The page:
Our pictures show (top) Steve and Angelique Fishwick cradling what in fact is baby Coleen Crisp, whilst below they are holding their very own baby Kyle.
Said Angelique, “We knew as soon as we got her home that there was something not quite right.” Added hubby Steve, “It was the nose what done it for me. Nobody in our families has such a long nose.”
Tom and Leonora Crisp refused to comment but did release the following statement through their solicitor Mr Ambrose Pewting, “We are going to sue the pips out of GRIMU, then take Coleen to Disneyland.”
Friday, 1 May 2015
Justin here. Soon, all our futures will be decided, for good or ill, by the results of the imminent General Election. My position dictates that I must remain neutral in terms of political fealty – something I try very hard to do – seeking instead to care for the spiritual well-being of our great country. But, you know, the spiritual and secular are so often inextricably bound in our complicated lives, it is hard to see boundaries. When I discussed this theme with the young man with the wire in his ear, I was heartened by his response. “Go for it Archie!” he said, adding, “Remember Wonga!”
Now, I must admit that the name still makes my pulse race. You may remember, dear reader, that some time ago I condemned that company’s disgraceful moneylending activities (shortly before I discovered that my own Church of England paid some of its employees below the living wage – but that’s another story).
Significantly, new moneylending regulations are now in place and Wonga is presently facing deep financial trouble They are even thinking of changing their name, so anxious are they to rid themselves of any association with the idea of extortion. So yes, I think that I may count that as a spiritual victory.
But presently I am being asked my opinion about the various political parties contesting the upcoming election; something I find very difficult to do. I have in fact met them all. Mr Cameron needs no introduction of course. He is very pleasant, affable, articulate and remarkably shiny. His Deputy, Mr Clegg, is more puzzling. He appears young and slightly tousled. I am no political guru, but during our short meeting I got the distinct impression that he hadn’t got a clue what he was talking about. But at the same time I felt that he wanted me to like him.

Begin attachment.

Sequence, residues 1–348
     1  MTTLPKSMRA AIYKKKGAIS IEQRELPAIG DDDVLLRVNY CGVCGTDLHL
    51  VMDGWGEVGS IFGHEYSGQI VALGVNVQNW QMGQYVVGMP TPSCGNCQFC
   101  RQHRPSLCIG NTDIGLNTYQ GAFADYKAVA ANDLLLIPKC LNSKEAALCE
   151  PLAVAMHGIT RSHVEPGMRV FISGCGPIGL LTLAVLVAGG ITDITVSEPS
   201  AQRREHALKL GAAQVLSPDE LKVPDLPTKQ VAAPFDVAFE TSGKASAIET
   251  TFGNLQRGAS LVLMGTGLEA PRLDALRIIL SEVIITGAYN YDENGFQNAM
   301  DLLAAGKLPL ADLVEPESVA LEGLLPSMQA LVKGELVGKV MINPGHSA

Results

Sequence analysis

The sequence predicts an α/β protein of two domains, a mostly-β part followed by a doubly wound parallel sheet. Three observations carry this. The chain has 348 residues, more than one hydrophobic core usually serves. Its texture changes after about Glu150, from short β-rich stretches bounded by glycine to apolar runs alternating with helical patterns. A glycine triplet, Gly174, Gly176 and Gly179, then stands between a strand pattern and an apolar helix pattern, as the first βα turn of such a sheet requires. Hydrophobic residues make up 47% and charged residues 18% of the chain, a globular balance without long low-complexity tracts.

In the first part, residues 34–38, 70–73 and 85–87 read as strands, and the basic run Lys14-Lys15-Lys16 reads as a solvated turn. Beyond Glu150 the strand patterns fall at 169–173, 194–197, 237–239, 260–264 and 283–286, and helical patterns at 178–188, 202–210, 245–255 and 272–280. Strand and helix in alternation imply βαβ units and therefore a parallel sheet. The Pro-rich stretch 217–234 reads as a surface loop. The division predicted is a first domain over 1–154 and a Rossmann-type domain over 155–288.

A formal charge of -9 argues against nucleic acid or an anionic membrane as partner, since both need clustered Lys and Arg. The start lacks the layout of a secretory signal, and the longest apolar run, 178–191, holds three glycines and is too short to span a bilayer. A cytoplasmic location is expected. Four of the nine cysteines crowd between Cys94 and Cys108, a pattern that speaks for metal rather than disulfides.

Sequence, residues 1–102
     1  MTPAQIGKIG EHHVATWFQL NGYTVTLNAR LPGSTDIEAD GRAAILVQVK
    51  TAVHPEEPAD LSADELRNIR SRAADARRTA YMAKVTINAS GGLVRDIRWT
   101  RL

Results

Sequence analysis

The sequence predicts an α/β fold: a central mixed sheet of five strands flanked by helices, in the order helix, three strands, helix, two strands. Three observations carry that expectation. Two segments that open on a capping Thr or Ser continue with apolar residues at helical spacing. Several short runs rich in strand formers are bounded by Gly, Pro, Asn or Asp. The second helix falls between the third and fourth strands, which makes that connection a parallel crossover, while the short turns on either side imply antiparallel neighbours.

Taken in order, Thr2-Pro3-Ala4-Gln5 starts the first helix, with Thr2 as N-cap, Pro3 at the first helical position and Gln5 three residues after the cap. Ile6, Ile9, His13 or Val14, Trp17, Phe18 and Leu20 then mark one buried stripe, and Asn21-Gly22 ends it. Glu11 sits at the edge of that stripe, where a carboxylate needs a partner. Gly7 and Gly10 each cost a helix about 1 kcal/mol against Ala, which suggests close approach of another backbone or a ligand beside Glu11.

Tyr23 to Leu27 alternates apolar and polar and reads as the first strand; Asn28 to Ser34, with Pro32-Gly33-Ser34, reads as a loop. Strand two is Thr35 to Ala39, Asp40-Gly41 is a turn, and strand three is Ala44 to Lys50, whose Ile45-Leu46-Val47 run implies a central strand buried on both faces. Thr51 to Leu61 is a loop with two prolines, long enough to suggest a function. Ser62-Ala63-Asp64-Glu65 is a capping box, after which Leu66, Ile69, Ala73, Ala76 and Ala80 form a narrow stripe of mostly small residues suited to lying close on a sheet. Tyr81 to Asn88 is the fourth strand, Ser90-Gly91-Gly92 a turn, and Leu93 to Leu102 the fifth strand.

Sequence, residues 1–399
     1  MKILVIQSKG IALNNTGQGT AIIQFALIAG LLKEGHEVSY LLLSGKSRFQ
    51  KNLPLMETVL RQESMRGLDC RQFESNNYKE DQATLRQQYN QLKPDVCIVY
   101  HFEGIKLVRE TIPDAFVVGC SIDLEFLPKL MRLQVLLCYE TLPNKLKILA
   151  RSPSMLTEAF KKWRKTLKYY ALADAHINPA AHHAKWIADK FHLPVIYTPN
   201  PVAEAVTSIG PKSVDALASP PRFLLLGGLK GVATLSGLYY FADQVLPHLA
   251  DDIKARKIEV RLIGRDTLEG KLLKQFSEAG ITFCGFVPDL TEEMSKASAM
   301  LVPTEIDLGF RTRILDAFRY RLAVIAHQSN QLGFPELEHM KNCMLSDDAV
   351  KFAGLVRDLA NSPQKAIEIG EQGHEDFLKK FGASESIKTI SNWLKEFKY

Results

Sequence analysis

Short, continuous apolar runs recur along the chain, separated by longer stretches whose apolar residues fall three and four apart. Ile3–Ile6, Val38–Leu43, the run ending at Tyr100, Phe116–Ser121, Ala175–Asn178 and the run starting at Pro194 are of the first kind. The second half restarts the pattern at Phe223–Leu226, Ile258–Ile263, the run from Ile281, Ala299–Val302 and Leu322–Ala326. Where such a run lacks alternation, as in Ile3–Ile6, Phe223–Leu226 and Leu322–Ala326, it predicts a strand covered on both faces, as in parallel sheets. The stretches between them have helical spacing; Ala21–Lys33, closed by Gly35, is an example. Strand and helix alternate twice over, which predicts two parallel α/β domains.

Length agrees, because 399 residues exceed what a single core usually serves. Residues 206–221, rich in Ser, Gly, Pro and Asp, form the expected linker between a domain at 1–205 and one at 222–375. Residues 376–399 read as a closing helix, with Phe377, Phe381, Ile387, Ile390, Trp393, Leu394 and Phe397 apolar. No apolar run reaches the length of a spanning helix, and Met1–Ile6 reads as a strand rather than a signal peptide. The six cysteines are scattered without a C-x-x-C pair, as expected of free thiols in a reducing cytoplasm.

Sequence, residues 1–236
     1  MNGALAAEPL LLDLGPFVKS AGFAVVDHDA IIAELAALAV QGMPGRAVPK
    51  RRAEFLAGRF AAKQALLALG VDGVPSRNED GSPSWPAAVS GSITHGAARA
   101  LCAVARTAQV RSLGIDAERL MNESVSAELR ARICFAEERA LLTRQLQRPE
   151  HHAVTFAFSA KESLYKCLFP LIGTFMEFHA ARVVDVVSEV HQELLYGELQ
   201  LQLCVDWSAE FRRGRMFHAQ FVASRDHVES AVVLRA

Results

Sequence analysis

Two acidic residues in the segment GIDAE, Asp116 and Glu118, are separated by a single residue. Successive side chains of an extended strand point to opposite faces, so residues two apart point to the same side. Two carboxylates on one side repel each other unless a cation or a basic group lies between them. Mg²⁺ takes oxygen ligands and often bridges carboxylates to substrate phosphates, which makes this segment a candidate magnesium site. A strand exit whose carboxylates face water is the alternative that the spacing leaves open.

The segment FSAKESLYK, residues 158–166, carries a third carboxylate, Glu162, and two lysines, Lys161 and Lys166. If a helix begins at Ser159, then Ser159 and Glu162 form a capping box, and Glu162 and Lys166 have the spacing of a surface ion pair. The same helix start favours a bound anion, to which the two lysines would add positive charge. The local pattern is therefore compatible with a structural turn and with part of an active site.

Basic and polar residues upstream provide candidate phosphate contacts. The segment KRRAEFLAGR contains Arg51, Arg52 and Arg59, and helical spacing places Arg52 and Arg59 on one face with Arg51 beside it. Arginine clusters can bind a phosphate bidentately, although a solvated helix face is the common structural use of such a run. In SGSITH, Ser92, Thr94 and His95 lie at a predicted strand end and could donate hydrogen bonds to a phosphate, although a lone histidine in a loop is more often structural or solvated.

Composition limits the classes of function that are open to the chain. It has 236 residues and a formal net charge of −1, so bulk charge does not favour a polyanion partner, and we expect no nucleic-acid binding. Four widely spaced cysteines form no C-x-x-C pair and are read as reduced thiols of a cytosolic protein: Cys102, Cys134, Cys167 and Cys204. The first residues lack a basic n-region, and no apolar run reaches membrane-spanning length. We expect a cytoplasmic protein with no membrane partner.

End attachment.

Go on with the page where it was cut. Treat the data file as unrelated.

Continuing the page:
I don’t think Mr Miliband cared about my personal preferences. He, poor man, has been mocked unmercifully in the media, from his facial similarity to a cartoon character to his difficulties with a rogue bacon sandwich. Our Lord Jesus Christ suffered mockery from all quarters, but eventually triumphed most gloriously. Consequently I must admit that my heart went out to Ed.
Most curious were my few minutes with Mr Nigel Farage. The young man with the wire in his ear had suggested that I “watch this one, Archie, he’s slippery”. Truth to tell, we had hardly shaken hands when my lady wife appeared. Her greeting was fulsome – she’s very keen on UKIP – and she ushered a smiling Mr Farage away to our private apartment. Loud laughter and the clinking of bottles were reported for hours afterwards.
But now I must deal with a barrage of letters and emails I have received from the UK Bridge Union who seek my support in their attempts to have bridge recognised as a sport. As I often do with things vexatious, I asked the young man with the wire in his ear for his opinion. His reply was brief and to the point. “What a load of cock,"he said.